Traveling with severe COPD is possible, but requires some extra preparations. We have put together a list of things important to consider but easy to forget:
Notify your doctor
If you have any doubts about your ability to travel, talk to your doctor. They might also need to provide you with paperwork verifying all your medications, including oxygen.
Make a list
Bring a list with name and phone numbers to your doctor, your oxygen supplier, and your respiratory therapist. Also write down all current medications, how often you take them, and in what dosage. Keep this list with you at all times. Also make sure to wear your emergency medical identification.
Bring copies of your prescriptions
If you’re considering a medical transport on a commercial plane, bus, train, or ship, you will very likely have to show your prescription to be able to bring oxygen.
Bring enough medicine
Pack all medication and supplies in your carry-on. Make sure to bring more than you think that you will need, in case anything happens and you’re delayed.
If you’re on a medical transport with oxygen, here are some additional considerations:
- Contact your home health care company. Tell them where you’re going, how long you will be staying, and how you intend to get there. They can help you arrange for oxygen upon your arrival, and will help you make sure you don’t run out.
- Test your portable oxygen system. Make sure you know how to use it, and how long the oxygen will last. You might need refills.
- If you travel by commercial airline, cruise ship, bus, or train, tell them about your oxygen requirement when you make the reservation. Some carriers have extra fees, and others do not allow personal portable oxygen concentrators at all. Even if they are allowed, you have to tell the company in advance or you will not be able to bring your equipment.
- Remember to account for time zones. Depending in which direction you go, a trip over one or more time zones will add hours to your oxygen use.
If you want to travel, but wonder if you can handle it all, here are some transport options:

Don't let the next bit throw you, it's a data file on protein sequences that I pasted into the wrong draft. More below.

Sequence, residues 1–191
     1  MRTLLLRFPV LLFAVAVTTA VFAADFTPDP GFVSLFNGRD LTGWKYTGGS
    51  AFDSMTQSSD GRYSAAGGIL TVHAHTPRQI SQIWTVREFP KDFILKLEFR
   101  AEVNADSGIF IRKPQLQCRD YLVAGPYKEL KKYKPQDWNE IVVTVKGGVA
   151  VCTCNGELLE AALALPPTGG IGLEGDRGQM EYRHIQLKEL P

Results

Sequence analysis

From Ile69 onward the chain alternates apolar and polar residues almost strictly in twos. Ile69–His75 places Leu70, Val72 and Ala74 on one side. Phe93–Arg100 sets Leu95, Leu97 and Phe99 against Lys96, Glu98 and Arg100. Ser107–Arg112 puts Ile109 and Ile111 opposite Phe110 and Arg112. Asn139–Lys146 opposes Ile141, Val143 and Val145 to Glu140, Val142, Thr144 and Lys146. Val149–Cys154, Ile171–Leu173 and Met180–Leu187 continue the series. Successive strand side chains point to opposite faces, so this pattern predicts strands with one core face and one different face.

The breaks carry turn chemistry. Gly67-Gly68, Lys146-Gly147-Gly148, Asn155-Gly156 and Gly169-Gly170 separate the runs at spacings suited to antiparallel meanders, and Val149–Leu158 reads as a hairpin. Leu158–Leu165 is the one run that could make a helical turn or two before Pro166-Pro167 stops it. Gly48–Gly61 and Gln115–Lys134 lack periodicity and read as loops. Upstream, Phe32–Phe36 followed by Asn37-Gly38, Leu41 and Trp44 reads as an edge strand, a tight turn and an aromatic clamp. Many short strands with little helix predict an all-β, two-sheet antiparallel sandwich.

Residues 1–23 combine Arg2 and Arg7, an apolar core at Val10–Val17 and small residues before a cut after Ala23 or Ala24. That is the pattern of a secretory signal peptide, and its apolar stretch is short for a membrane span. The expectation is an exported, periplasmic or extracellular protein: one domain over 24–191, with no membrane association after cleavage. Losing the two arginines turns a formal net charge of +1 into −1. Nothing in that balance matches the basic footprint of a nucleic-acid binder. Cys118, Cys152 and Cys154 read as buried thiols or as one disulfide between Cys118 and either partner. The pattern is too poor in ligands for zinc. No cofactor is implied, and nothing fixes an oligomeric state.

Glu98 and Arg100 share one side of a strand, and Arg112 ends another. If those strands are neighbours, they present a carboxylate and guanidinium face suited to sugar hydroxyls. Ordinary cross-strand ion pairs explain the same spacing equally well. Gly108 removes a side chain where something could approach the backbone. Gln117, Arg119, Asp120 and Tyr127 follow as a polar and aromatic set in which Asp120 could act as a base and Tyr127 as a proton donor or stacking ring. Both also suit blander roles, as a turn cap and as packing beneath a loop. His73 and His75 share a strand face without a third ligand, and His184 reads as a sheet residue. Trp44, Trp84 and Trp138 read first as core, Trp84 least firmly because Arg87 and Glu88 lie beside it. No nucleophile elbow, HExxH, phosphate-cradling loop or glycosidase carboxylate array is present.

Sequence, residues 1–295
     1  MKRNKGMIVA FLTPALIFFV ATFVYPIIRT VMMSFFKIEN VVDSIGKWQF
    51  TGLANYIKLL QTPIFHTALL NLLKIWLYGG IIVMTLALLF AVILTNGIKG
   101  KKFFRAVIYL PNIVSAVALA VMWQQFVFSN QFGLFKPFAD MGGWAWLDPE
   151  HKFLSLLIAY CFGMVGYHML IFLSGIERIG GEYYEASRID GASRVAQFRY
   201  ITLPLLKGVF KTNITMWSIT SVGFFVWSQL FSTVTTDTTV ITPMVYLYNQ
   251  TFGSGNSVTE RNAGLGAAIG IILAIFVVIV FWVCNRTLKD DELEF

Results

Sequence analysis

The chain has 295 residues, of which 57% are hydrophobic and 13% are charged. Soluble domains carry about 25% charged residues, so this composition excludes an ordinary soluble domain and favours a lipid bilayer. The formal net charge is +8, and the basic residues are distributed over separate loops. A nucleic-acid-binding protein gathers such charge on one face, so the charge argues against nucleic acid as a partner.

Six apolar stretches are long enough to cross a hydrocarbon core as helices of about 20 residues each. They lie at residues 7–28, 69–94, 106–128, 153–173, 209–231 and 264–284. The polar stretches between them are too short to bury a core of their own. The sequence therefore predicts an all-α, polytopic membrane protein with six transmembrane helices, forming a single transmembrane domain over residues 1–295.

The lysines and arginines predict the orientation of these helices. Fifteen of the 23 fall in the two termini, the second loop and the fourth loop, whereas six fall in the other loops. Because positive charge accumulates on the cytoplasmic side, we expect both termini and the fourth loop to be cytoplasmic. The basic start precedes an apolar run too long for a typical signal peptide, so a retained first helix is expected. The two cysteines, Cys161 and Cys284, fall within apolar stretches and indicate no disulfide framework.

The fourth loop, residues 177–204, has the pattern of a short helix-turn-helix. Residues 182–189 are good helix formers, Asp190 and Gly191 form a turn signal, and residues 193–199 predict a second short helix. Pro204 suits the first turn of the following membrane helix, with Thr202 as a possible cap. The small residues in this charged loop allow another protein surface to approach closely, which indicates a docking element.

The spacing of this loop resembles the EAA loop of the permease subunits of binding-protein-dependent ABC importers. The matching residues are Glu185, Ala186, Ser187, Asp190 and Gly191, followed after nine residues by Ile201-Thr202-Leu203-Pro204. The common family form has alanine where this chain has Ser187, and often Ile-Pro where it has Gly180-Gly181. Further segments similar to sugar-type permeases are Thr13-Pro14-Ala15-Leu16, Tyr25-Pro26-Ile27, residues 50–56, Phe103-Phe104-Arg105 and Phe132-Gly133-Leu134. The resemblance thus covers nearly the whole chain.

A travel nurse can be a good solution. The MED Coach transports every patient with a licensed and trained nurse with at least five years experience. They go everywhere with their client, by any means. Whether you want to travel by private car, commercial airline, cruise ship, or train, the travel nurse can be by your side. They will assist with blood pressure monitoring, oxygen, medications, luggage, travel documents, and anything else that can come up during the journey.
A travel nurse would be happy to accompany you home for the holidays, to a family celebration such as birthday, graduation, or wedding, on a vacation, or wherever else you want to go.
Long distance medical transportation by ground and air
If you need or want a complete long distance medical transport package, MED Transport Center can help you get where you need to be in a smooth and efficient manner.
If time is a factor, we provide a 24-hour non-emergency air ambulance service that can take you anywhere in the world with a staff and plane that fits your situation and schedule. A Flight Nurse and a Respiratory Therapist or a Paramedic accompanies each flight crew. If needed or wanted, a Flight Physician can be added to the team.
The MED Coach provides an option for luxury roadside travel in a medically equipped full-size coach. The vehicle is equipped with wheelchair lift as well as stretcher lift to make it easy to board even with limited mobility. There is an on-board bathroom, hospital bed, kitchen, and a wide range of amenities. A MED Coach comes with two professional drivers and a registered nurse that will take good care of you and provide everything you need during the transport.